Another name for yarrow is "Nosebleed" because it can both stop the gushing blood of a nosebleed as well as bring on a nosebleed in a person who may need to bleed (an old-fashioned medical concept). You can stop the nosebleed with yarrow oil or salve on a piece of tissue or a handkerchief inserted into the nostril, being careful not too stick it in too far for all the usual reasons. A friend's son who was having frequent nosebleeds used yarrow oil with great success. It stopped the bleed right away and helped in healing the spot that kept opening up.
In the same vein, yarrow is good for fevers and headaches with fevers. Once when my son was sick with a high fever and a headache with bright red cheeks, suggesting heat and excess blood in his facial capillaries, I gave him a couple drops of yarrow tincture. Not much later his nose began to bleed. This took some pressure off his forehead and he felt relieved. Yarrow tea would work well in this situation, as does the tincture.
Since yarrow is a blood remedy (both starts and stops bleeding) it is also good for bruises, varicose veins, hemorrhoids and other "stagnant blood" situations. Yarrow is a local version of Arnica for us. Arnica is used widely and is much praised by many for its wound-healing properties. Put Arnica on a bump or lump with a bruise and it immediately brings the swelling down. Yarrow does the same thing. I use Yarrow over Arnica always, because I can make the yarrow salves and tinctures myself. It, like Arnica, helps the wounded person with the feelings of shock and trauma as well.
Yarrow salve or oil can be rubbed on varicose veins to provide relief and hopefully healing of these stagnant, protruding blood vessels. An infusion of yarrow can be poured into a bath to soak the legs and/or bottom for either varicose veins or hemorrhoids, respectively. One could also soak just the feet in a yarrow infusion poured into a basin of water for bruised and swollen feet. I know of someone trying this now; we'll see if it works for her.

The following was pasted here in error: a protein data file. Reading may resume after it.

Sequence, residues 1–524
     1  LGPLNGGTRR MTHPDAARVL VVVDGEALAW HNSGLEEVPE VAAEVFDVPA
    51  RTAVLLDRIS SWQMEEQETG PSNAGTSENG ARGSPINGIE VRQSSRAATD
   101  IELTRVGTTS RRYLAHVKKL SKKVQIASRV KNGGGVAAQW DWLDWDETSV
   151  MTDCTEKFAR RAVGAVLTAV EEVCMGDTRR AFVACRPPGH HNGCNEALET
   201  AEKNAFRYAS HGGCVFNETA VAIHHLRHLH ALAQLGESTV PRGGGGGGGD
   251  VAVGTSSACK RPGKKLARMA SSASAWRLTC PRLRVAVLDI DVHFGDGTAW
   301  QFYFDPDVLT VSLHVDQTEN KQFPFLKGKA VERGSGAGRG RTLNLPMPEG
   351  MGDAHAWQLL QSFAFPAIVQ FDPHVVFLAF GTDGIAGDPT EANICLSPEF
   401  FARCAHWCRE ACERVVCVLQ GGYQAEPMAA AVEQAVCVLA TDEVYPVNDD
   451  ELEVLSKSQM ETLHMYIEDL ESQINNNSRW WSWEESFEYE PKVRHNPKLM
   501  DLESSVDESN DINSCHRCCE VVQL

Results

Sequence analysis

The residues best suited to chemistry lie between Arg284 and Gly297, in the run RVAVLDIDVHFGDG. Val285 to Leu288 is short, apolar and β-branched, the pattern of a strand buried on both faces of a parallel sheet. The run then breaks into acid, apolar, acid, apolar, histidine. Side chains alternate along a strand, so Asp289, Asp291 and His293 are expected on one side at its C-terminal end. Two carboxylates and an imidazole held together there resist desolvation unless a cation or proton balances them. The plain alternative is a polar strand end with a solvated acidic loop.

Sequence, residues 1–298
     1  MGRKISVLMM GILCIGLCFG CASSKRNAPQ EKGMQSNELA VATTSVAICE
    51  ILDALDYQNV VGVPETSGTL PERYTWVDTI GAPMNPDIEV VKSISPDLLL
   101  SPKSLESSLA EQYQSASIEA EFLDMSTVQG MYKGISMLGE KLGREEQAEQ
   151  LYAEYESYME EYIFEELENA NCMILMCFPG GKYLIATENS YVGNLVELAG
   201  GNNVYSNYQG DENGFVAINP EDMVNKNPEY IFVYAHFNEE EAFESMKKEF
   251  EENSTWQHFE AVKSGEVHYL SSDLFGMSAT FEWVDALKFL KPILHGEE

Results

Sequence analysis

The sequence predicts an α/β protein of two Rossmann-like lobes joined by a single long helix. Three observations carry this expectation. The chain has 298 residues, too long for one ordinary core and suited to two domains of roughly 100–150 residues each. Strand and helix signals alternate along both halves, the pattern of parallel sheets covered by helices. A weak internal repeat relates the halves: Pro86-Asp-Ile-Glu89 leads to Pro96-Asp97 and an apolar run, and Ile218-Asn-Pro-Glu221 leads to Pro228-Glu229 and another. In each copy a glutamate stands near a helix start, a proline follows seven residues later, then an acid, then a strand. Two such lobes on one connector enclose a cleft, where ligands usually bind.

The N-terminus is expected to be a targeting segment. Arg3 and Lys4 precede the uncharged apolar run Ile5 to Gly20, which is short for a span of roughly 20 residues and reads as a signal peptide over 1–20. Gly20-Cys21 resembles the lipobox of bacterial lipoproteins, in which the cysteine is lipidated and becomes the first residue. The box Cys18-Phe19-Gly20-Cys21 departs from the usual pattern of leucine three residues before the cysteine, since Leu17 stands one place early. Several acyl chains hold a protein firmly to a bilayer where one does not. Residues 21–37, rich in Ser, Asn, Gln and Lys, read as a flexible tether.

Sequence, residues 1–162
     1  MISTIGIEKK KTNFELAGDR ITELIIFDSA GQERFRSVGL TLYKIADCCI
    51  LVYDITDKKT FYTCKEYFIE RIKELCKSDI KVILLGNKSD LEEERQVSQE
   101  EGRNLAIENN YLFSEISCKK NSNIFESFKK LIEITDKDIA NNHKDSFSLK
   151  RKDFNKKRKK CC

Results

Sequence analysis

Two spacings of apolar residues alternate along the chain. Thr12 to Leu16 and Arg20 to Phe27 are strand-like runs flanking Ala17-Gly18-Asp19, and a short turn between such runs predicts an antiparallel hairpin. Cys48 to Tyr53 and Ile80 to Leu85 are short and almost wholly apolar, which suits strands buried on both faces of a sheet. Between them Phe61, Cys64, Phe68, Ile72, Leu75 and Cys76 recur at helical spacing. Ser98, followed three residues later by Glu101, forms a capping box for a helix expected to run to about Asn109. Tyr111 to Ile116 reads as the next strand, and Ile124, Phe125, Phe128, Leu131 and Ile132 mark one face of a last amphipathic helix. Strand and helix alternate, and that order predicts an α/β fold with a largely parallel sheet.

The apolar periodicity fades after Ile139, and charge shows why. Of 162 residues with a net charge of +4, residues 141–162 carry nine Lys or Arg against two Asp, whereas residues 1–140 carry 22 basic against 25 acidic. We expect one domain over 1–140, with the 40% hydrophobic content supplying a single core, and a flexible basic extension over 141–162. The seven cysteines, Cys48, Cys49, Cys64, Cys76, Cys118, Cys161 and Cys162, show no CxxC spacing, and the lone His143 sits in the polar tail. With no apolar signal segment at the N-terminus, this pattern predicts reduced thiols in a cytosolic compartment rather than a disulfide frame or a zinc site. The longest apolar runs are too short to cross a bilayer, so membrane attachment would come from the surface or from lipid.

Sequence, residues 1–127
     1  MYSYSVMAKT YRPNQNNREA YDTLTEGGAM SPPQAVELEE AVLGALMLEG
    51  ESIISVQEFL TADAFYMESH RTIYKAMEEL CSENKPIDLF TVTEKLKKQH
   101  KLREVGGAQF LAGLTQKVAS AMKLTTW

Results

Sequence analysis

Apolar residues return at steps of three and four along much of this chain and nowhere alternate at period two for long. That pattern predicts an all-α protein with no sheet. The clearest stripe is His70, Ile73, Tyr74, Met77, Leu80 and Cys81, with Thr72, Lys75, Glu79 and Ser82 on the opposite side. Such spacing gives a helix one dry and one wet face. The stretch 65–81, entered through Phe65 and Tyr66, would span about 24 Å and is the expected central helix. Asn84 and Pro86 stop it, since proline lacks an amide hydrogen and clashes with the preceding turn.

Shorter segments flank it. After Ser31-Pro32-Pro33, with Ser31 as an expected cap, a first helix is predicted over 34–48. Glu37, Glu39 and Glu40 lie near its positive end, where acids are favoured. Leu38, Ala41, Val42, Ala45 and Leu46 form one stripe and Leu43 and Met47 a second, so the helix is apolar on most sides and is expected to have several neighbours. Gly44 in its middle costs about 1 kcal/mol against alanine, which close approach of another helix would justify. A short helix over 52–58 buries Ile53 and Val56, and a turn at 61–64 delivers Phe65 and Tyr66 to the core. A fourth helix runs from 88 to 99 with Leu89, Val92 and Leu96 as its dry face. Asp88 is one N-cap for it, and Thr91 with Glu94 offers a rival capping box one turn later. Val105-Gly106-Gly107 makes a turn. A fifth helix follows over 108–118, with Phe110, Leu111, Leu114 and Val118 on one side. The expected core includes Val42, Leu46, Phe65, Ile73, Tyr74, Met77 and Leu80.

If you have a dirty wound, however, like a sidewalk scrape or wood sliver, the herb you want is not yarrow but plantain. Yarrow will bind up a wound too quickly and will leave the sliver or infectious dirt, etc. in there. Not good!
In order to effectively treat disease we have to be able to decongest blood
associated with inflammation, thin stagnant, congealed blood, tone the veins,
stimulant the capillaries and arteries, and move the blood to or from the
surface. Yarrow, the great ‘normalizer’ of the blood does all these
The classic work, Maud Grieve's A Modern Herbal, has a page on Yarrow here. And if you want to read the old Master himself, Nicolas Culpeper, Biblomania.com has his page on yarrow here. And here's an excellent page on using yarrow flower essences: Developing Positive Sympathy by Kyra Mesich. Those are all excellent resources online. If you can get the original sources, Culpeper's Complete Herbal, Grieve's A Modern Herbal, and Matthew Wood's The Book of Herbal Wisdom, I encourage you to do so. All are filled with wonderful herbal information.
Refer to the sidebar of my blog page where I have instructions for making herbal oils, salves, tinctures, teas and infusions. And let me know if Yarrow has helped you!
Well, I'm going to start working on some posts. Yarrow Oil to start, later today.